4 results for Ashman, P.J.

  • Influence of droplet size on the release of atomic sodium during the combustion of black liquor

    Saw, W.L.; Nathan, G.J.; Ashman, P.J.; Hupa, M. (2009)

    Conference Contributions - Published
    University of Canterbury Library

    This paper reports on the implementation of a quantitative planar laser-induced fluorescence (PLIF), which employs an absorption technique simultaneously, to assess the effect of initial diameter on the release of atomic sodium. The temporal release of the atomic sodium under fuel rich conditions was found to be different from that under fuel lean conditions, especially during the smelt coalescence stage. The total atomic sodium released and the release rate of atomic sodium increase as the initial diameter of the black liquor droplet is decreased. This highlights the role of small droplets, possibly derived from ejecta, in fume formation.

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  • Surface temperature measurement of a burning black liquor droplet using two-colour optical pyrometry

    Saw, W.L.; Nathan, G.J.; Ashman, P.J.; Alwahabi, Z.T.; Hupa, M. (2009)

    Conference Contributions - Published
    University of Canterbury Library

    This paper reports on the implementation of two-colour optical pyrometry to measure the distribution of surface temperature of a burning black liquor droplet in a flat flame environment. The black liquor was burned in the flame provided by the flat flame burner at two flame conditions, fuel lean (Øbg = 0.8), and fuel rich (Øbg = 1.25). Two identical digital singlelens reflex (SLR) cameras were used to allow the simultaneous measurement of the surface temperature and particle size. This provides an opportunity for more reliable measurements of surface temperature for black liquor than has previously been available.

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  • Assessment of the release of atomic Na from a burning black liquor droplet using quantitative PLIF

    Saw, W.L.; Nathan, G.J.; Ashman, P.J.; Alwahabi, Z.T. (2009)

    Journal Articles
    University of Canterbury Library

    The quantitative measurement of atomic sodium (Na) release, at high concentration, from a burning black liquor droplet has been demonstrated using a planar laser-induced fluorescence (PLIF) technique, corrected for fluorescence trapping. The local temperature of the particle was measured to be approximately 1700 C, at a height of 10 mm above a flat flame burner. The PLIF technique was used to assess the temporal release of atomic Na from the combustion of black liquor and compare it with the Na concentration in the remaining smelt. A first-order model was made to provide insight using a simple Plug Flow Reactor model based on the independently measured concentration of residual Na in the smelt as a function of time. This model also required the dilution ratio of the combustion products in the flat flame entrained into the plume gas from the black liquor particle to be estimated. The key findings of these studies are: (i) the peak concentration of atomic Na from the combustion of the black liquor droplets is around 1.4 ppm; (ii) very little atomic Na is present during the drying, devolatilisation or char combustion stages; and (iii) the presence of atomic Na during smelt phase dominates over that from the other combustion stages.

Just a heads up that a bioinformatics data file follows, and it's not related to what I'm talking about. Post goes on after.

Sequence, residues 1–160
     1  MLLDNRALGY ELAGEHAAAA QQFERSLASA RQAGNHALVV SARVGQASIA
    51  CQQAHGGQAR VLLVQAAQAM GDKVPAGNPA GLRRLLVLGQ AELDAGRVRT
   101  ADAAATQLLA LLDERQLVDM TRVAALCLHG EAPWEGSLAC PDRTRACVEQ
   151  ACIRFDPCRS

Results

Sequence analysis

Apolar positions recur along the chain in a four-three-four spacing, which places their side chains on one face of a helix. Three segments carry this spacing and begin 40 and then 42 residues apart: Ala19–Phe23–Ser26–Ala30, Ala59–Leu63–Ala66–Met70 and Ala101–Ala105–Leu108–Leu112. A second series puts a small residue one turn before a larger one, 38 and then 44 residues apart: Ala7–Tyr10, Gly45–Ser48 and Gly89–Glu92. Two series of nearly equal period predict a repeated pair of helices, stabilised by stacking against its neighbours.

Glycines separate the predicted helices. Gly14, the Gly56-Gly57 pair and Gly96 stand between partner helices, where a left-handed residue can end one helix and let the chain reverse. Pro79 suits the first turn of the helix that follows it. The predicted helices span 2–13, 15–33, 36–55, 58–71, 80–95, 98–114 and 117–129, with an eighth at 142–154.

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  • The Influence of Boron on the Emission of Sodium during Black Liquor Combustion under Oxidative Conditions

    Saw, W.L.; Forssén, M.; Hupa, M.; Nathan, G.J.; Ashman, P.J. (2009)

    Journal Articles
    University of Canterbury Library

    The addition of boron to black liquor has the potential to reduce fume formation in a Kraft recovery boiler. Two Kraft black liquors, with and without boron, were analysed. Single 10 mg droplets were introduced into a furnace and were burned at temperatures of 900, 1000 and 1050ºC with oxygen concentrations of 2, 5 and 10 (vol %). Under these conditions, the addition of boron to the black liquor is found to reduce both the extent of sodium emission and the combustion time. This shows that the boron reduced the sodium loss due to the lower amount of sodium carbonate available to be decomposed by the char. The char combustion time of the liquor with boron is found to be shorter because some of the char may be consumed by the borate. The added boron reduced the sodium loss mainly during the char combustion stage.

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